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From Our Bishops

Letter to the Diocese from Bishop Andrew

Dear Friends,

Today the Church calendar remembers St. Augustine, the first Archbishop of Canterbury. Known as the “Apostle of England,” in the eight short years from his arrival to his death in Canterbury in 605, he constructed a church, founded a monastery and firmly embedded the Christian faith in the region. Not all of his efforts were successful – he failed to reconcile the feuding factions of Anglo-Saxons and Britons, for example – but what I most admire about Augustine was his ability to deeply listen to the local context. Encouraged by Pope Gregory, Augustine did not seek to overthrow the customs of southern England, but to redeem and reframe them for Christ, to invite the faithful to do things in a new way.

As you’ll recall, the scriptural foundation for our Cast the Net visioning project comes from John 21, where the Risen Christ tells the disciples to cast their net on the other side of the boat. We have been asking ourselves collectively, as a Diocese, how we might respond to that gospel call in our time and place. What does it mean for us as a Church to do things differently? I am pleased to share an update on where we are in that process.

Over the past several months, close to 40 online listening sessions were held with almost 500 lay people from congregations across the Diocese. Many of you expressed appreciation for the opportunity to participate in these conversations, and a desire for them to continue, and to bear fruit in action.

The sessions were facilitated by members of the Diocesan Volunteer Corps. Their notes have now been analyzed by Dr. Sarah Kathleen Johnson, Director of Anglican Studies and Professor of Liturgy and Pastoral Theology at St. Paul University in Ottawa, whose research explores Christian worship in the context of North America’s changing religious landscape. We are fortunate to benefit from her expertise. Sarah’s report is now available online. It’s a long, rich read, filled with insights and verbatim comments from your fellow Anglicans. I commend it to your thoughtful, prayerful attention.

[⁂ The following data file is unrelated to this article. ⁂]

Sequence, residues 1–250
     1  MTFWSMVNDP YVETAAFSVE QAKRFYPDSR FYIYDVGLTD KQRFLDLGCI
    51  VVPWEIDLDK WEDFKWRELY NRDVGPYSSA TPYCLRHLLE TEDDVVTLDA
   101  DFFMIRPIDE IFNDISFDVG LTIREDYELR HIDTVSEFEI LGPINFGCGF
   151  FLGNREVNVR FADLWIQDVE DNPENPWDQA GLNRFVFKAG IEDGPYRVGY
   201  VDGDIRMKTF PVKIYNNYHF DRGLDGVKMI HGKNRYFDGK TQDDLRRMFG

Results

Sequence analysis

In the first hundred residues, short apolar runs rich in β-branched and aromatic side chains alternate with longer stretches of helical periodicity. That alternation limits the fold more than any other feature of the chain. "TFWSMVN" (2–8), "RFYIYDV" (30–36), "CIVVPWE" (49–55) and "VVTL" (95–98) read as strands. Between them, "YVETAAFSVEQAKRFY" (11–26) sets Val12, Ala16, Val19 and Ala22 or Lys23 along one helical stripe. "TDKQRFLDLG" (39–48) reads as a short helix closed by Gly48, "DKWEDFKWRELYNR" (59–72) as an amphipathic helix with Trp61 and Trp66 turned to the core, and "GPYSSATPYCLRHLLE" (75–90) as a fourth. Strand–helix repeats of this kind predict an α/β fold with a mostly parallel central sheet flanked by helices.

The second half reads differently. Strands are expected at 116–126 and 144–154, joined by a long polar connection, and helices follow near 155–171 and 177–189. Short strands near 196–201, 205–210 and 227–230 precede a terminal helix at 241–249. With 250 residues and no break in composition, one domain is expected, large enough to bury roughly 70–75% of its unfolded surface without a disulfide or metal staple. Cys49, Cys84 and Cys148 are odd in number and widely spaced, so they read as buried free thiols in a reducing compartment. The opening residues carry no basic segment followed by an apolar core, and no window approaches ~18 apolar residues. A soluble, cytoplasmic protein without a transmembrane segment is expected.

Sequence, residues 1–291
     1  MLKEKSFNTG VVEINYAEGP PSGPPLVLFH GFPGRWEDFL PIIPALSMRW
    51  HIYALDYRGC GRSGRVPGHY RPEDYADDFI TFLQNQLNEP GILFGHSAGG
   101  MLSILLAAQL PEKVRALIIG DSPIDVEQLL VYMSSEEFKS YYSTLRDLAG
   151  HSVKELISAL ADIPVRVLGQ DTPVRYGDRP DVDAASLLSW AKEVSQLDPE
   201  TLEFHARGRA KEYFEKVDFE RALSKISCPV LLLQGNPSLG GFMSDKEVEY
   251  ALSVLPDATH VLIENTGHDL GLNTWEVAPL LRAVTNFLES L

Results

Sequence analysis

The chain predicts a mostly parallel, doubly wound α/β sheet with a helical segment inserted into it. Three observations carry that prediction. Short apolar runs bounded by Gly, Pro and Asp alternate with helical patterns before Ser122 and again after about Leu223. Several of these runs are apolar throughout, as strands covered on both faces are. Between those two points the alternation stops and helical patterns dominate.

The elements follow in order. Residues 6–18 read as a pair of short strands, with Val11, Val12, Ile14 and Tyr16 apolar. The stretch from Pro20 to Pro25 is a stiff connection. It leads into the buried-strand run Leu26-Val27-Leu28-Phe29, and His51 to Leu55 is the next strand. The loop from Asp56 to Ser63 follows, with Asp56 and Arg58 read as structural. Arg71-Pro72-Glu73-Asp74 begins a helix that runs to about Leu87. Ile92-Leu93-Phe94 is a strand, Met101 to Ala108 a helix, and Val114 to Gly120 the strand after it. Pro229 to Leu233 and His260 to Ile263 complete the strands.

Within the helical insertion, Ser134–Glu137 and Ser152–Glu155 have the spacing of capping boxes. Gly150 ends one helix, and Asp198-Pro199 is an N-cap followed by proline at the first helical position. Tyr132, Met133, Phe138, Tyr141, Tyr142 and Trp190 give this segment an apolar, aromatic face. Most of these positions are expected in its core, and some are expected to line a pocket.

Earlier in the process, a parallel round of consultations had taken place with diocesan clergy. A series of reports, reflections and analyses based on that input have now also been posted on the same web page for everyone to see, consider and discuss.

What I hear coming through loud and clear in all this material is a willingness to embrace change, a recognition that we can’t go back to the way we were, some uncertainty about what the path forward looks like, and confidence in God’s faithfulness to show us the way. I also hear a yearning for, and a commitment to, spiritual renewal and discipleship as more important than – indeed, necessary for – institutional survival and sustainability.

This is by no means the end of the Cast the Net process. But we are moving towards the culmination of the “listening” phase. A few focus groups are still being organized, and your ongoing input is encouraged, via email and social media. A final report will come to Synod Council in September, and to Diocesan Synod in November.

Let us start to think and pray about how, as a Diocese, we might together respond in tangible, meaningful ways to the context we have identified and named. Let us acknowledge both the anxieties and the aspirations that have found expression through this listening work. And let us start to dream and talk about how the Holy Spirit is inspiring us to be the Church in a changing world.

Come, Holy Spirit, come!

Yours in Christ,

The Rt. Rev. Andrew Asbil
Bishop of Toronto